The footnotes on every page were extremely distracting  and so I stopped reading them after a point. Again, I am forced to draw comparisons to Devdutt Pattanaik’s style of afternotes in each chapter. I prefer trivia tidbits rather than blah in the footnotes. And moral lessons and rules to improve the quality of my life? I’ll give that a pass please.

But yes, I enjoyed the book a lot. Nothing new here, but it was a good read. I’m not eagerly looking forward to the next six parts, but when they’re out, I will most certainly read them. ( Also, there’s some rule and order in which The Ramayana should be read. And if you start one kanda you just have to finish the rest or you’ll get seven rebirths of bad luck something.  I hope Shubha Vilas isn’t bringing bad luck to us)

This review is a part of the Book Reviews Program at BlogAdda.com. Participate now to get free books!

The Devil Wears a Prada-Lauren Weisberger :45/52

As chicklitty as chicklit can get.

When it comes to chick-things, I am an unashamed fan of chickflicks. I’ve spent entire weekends with Meg Ryan and Julia Roberts. But chicklit, not so much. The movie is *always* better than the book. I had started this book several times and couldn’t go past the first few paragraphs where she struggles with a stickshift car, cigarette in hand and wearing some fancy shoes and breaking the heel. But I finally picked up the motivation to get past those first few pages and things started looking better.

The Devil takes on more importance than the typical whiny, self-deprecating chicklit heroine that Andrea is. So it makes the book tolerably spicy. Miranda Priestly is amazing. She is my role model now and I aspire to be a boss like her some day. Who wouldn’t love to have two young girls whom they could bully to death at their beck and call. Ahndrea, where’s my coffee? Ahndrea, this coffee is too cold. Ahndrea get me That restaurant review from That newspaper. You can read my mind as to which one I’m talking about. Ahndrea get me yet another $200 white Hermes scarf.  Ahndrea, get my underwear drycleaned. How great would it be to call your assistant in New York from Paris and ask her to connect you to a mobile number in Paris or to get her to charter you a plane during a storm at midnight. Too bad that I’m basically a very wimpy niceguy. I’ll never make Boss.

Andrea is boring, but likeable. Especially when she does things like regularly buying Starbucks coffee for the homeless and charges it to the company account, or wiping her greasy fingers on Miranda’s Versace clothes that she has to get cleaned. Lily the BFF, Alex the good boyfriend and the mysterious Christian who turns up at the most unexpected places and flirts with her ( what is it with these guys named Christian) come and go and offer some twists in the tale. Stereotype gay men in the fashion industry, snooty senior assistants, designers, designers and more designer names. Bleh. The writing was painfully repetitive and predictable. Same old same old. But I rushed through reading those parts because I wanted to read more about Miranda being Miranda.

But what made this book more interesting was that it was actually a sort of tell-all book that was based on the author’s stint as Anna Wintour’s assistant. Anna Wintour is rumoured to be much more demanding than the fictional Miranda Priestly, if that is actually even possible. Miranda is this ice queen-fashionista-bitchbosswoman whose one look can get her assistants to change out their comfortable shoes and wear Jimmy Choo stillettos even when doing their coffee runs. I had a difficult time believing that part because daily-trimmed-perfect-bob notwithstanding, Anna Wintour wears the fugliest shoes ever. Maybe they are custom made Manolo Blahniks, but puhleese. These?

I checked out the movie trailer and that seemed more interesting. Anne Hathaway and Meryl Streep are just perfect. I should watch the movie soon.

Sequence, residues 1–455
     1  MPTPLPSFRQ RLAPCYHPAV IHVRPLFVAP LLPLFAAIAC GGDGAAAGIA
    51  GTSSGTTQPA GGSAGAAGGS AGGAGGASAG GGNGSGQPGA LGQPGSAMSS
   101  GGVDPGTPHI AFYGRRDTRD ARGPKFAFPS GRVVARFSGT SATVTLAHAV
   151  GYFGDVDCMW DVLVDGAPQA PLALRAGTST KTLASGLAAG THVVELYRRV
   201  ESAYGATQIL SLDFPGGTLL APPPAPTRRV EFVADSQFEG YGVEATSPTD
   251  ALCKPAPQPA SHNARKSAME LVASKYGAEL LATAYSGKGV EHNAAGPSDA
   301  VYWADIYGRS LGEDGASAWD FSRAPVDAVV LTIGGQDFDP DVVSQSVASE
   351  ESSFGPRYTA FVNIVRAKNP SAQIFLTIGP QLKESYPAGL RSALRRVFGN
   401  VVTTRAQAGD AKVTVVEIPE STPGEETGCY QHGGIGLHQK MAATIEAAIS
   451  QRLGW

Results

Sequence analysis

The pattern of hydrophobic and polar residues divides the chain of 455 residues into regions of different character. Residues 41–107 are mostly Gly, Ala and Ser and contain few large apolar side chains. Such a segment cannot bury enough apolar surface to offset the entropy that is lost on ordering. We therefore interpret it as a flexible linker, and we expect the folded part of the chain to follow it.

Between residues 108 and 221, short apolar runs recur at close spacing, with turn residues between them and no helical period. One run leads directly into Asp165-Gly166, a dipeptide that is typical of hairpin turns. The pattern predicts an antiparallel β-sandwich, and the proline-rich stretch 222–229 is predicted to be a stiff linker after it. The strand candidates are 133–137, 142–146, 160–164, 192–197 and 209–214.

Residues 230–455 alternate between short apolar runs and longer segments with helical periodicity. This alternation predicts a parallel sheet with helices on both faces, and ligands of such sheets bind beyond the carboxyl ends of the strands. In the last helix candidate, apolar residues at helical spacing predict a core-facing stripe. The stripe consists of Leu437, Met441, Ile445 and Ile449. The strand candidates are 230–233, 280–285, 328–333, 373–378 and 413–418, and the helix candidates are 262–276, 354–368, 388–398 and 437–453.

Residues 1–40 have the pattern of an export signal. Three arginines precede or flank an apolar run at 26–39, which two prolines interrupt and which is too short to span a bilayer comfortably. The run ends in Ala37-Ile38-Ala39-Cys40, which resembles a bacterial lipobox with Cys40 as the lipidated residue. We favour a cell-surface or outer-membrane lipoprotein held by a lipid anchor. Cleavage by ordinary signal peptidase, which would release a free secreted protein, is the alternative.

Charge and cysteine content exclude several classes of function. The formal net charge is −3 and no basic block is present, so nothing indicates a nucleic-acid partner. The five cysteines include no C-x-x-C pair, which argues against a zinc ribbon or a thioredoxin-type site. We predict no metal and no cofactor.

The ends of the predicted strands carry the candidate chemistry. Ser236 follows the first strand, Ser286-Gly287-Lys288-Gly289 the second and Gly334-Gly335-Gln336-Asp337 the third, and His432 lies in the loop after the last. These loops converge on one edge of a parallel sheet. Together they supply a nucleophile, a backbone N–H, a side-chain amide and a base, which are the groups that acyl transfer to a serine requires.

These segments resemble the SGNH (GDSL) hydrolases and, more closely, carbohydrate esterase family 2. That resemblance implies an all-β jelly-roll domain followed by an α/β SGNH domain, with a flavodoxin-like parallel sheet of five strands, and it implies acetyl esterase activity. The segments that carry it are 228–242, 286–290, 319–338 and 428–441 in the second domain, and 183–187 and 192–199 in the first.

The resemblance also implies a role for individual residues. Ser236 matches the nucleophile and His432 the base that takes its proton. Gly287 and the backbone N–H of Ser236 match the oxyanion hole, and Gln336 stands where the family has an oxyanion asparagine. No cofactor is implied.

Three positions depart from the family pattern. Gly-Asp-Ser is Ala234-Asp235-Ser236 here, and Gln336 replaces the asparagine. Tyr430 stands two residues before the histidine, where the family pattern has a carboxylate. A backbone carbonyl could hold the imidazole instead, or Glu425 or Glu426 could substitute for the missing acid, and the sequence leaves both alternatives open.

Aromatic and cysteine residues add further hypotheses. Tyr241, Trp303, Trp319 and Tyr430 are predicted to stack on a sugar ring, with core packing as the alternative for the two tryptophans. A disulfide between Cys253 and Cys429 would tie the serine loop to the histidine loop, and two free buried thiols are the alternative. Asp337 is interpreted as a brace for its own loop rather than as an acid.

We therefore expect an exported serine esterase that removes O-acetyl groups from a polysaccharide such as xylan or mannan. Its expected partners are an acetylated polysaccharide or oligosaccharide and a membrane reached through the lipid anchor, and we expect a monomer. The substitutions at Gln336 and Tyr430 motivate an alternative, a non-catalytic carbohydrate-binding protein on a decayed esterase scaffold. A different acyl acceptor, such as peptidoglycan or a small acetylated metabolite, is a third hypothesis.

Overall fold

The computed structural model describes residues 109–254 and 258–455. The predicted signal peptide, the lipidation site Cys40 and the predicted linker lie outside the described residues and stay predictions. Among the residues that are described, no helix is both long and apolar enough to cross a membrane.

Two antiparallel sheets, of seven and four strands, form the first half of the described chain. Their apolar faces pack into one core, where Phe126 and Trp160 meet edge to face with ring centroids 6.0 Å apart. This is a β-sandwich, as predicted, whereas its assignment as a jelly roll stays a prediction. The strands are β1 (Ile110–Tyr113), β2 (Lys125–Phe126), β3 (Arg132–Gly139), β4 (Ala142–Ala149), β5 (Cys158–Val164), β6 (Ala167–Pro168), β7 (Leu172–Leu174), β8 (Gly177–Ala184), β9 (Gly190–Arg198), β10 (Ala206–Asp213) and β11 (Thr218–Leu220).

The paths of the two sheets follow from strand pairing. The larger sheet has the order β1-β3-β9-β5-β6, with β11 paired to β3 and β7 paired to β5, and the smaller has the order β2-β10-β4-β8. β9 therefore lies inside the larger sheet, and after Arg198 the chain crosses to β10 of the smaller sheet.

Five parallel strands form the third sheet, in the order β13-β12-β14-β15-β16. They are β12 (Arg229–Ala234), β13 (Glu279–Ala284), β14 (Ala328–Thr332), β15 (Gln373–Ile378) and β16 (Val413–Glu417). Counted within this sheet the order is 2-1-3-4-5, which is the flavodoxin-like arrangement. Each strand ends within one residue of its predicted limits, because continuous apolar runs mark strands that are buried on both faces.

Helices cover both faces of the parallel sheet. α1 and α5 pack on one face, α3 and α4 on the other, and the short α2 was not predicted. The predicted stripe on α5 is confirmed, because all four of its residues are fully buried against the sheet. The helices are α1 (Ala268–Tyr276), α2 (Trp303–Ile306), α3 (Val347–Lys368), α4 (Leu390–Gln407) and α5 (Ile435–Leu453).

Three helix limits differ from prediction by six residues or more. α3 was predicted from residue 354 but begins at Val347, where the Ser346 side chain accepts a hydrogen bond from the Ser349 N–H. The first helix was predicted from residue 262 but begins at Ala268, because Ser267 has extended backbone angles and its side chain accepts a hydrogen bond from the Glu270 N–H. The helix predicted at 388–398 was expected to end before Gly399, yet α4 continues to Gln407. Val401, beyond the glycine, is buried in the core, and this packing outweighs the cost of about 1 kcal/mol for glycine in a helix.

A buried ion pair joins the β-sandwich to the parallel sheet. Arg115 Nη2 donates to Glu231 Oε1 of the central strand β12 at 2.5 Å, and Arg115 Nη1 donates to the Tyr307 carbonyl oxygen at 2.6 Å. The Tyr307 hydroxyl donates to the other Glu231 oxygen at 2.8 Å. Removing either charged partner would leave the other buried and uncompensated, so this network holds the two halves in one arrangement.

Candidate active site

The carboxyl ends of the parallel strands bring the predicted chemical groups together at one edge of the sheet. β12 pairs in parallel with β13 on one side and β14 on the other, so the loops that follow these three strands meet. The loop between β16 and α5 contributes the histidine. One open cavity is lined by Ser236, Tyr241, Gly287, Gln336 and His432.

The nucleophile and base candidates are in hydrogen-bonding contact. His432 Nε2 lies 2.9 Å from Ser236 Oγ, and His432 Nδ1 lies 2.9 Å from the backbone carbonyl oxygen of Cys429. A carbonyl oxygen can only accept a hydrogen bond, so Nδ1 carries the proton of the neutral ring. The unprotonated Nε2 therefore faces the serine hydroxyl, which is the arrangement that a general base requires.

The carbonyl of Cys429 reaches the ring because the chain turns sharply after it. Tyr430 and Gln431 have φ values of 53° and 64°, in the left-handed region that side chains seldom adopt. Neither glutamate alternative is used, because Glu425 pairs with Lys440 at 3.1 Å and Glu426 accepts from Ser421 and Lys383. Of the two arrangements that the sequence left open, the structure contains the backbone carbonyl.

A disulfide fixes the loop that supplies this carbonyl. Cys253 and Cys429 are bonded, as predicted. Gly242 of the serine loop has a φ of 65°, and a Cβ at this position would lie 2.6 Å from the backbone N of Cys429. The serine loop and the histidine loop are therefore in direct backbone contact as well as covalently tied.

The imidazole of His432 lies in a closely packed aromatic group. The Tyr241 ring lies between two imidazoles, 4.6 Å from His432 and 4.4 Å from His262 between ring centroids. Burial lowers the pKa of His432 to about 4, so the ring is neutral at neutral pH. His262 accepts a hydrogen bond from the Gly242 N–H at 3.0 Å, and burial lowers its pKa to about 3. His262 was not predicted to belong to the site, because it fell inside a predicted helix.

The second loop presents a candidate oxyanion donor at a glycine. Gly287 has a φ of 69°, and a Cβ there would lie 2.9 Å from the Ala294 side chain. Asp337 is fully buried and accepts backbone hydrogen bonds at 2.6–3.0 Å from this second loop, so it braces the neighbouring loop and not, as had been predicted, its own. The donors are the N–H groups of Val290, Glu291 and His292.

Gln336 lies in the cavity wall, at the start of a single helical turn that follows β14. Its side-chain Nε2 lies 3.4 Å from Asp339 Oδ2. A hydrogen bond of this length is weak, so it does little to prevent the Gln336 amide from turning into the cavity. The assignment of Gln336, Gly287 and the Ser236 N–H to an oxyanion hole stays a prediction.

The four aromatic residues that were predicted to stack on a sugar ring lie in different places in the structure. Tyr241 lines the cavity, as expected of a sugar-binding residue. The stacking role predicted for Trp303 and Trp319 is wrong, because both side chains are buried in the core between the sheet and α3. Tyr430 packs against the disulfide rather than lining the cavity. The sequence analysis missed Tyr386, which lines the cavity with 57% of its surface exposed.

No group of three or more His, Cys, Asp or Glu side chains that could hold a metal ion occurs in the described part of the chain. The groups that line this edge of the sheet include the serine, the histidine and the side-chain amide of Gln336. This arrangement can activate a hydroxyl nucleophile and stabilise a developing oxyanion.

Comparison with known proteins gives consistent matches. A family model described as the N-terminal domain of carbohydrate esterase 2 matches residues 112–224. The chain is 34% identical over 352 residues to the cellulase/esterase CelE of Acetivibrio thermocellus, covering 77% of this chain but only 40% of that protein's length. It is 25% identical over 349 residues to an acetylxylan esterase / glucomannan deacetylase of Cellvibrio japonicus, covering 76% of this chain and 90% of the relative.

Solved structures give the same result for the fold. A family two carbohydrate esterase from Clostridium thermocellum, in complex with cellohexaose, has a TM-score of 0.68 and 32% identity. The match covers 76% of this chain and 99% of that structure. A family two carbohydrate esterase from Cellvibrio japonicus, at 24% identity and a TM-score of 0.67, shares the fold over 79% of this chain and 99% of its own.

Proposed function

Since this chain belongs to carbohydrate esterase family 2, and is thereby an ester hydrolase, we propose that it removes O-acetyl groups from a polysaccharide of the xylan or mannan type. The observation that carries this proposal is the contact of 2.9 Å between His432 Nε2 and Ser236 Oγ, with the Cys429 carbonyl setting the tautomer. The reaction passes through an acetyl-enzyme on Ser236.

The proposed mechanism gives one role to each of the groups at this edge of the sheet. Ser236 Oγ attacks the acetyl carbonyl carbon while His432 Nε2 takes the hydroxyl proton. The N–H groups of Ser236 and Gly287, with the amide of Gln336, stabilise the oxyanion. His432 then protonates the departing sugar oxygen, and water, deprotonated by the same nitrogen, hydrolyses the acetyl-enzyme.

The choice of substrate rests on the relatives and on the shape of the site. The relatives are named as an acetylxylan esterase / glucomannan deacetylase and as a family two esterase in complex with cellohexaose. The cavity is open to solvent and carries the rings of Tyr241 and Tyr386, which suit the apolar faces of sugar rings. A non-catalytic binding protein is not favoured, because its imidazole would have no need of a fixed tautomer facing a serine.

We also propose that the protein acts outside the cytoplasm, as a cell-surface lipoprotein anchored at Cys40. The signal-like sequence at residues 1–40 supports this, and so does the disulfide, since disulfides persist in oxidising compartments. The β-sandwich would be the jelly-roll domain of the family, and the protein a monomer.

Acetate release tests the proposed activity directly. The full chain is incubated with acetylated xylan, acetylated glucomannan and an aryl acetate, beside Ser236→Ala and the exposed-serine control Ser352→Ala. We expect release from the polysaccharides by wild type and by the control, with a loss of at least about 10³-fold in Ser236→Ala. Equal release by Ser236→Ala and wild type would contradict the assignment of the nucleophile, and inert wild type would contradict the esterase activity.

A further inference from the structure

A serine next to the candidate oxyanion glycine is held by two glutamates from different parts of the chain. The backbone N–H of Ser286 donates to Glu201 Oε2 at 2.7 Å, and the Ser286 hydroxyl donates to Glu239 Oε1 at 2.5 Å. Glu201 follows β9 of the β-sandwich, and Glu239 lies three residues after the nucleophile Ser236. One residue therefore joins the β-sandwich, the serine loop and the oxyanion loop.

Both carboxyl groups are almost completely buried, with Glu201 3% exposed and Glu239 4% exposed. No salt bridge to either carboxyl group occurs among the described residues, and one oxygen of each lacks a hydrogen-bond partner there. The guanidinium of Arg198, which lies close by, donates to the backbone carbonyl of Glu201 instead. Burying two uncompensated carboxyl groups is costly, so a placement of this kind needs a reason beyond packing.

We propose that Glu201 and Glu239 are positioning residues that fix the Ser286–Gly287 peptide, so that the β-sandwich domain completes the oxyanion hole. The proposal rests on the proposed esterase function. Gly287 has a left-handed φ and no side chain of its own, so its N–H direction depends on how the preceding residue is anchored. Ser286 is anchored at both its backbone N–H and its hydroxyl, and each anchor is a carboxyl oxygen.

I’ve got Revenge Wears a Prada also, but that is going to just sit there for long time. Maybe I’ll wait for the movie instead.

Coonoor Fiction

I was browsing through an old Femina from 2011 when I saw this. Wow. Someone from Coonoor has written a book and the book is set in Coonoor. How did I manage to miss it all these days.

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The book doesn’t seem to be available now, but there is a sample story from the collection on the website and it seems pretty ok. While it was weird reading about a fictional town of Monele near Ooty in Love Kills, it seems even weirder to read about Alwarpet, Bedford and Alankar Bakery in this story. Localities you’ve actually walked around in. A bakery on whose counter you have sat on an eaten the same apple cakes.  A nice kind of weird.

The author is a familiar name. Of course I don’t know her personally. We were from the same town, but totally different circles. Interesting how she describes her love hate relationship with Coonoor in this article.  I don’t intend to imply anything negative here, but I remember that she was a bit of an Urban Legend in town those days. Ofcourse most of those stories that shocked indianculture then were exaggerated and embellished, I’m sure.  She talks about her rebellion and how she felt a total misfit back there then. I can totally relate.

But somehow she has been drawn back to Coonoor and has gone on to write a book of stories set in that very town. That’s the beauty of Coonoor.

I too have a love hate relationship with Coonoor. This line from Gillian Flynn’s Sharp Objects perfectly describes the town

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Maybe someday I too will write a book set in Coonoor, based on people living in Coonoor.  And I’ll reveal some deep dark secrets with the disclaimer that it is purely fiction. I’m evil that way.

 (Note: Not mentioning any names in this post because I don’t want a Google search making things awkwardly uncomfortable)

Shikhandi and Other Tales They Don’t Tell You- Devdutt Pattanaik :44/52

Mind fu.. oh wait.

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This may be politically incorrect, multi-religiously blasphemous and all that jazz, but seriously what were our ancients smoking? It takes truly brilliant  minds to come up with such fascinatingly kinky, twisted stories, attribute it all to gods and goddesses and have centuries of humankind unquestioningly believe in them . To be safe, let me clarify that I say this in a positive sense.